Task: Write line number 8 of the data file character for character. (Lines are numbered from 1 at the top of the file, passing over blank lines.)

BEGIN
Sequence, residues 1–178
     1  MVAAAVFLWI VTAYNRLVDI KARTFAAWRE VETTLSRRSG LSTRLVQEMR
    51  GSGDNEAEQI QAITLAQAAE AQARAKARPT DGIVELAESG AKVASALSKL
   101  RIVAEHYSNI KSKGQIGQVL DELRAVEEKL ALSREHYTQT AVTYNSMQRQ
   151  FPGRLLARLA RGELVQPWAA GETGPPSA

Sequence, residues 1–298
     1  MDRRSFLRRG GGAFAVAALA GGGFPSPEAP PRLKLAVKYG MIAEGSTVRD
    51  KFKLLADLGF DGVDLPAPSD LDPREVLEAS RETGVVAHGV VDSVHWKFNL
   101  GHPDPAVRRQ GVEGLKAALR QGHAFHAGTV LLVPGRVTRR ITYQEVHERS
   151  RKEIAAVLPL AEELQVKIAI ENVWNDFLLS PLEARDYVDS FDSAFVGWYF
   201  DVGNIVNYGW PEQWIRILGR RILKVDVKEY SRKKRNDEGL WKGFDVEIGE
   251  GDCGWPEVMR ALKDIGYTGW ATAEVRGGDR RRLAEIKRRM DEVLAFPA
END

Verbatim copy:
    51  KFKLLADLGF DGVDLPAPSD LDPREVLEAS RETGVVAHGV VDSVHWKFNL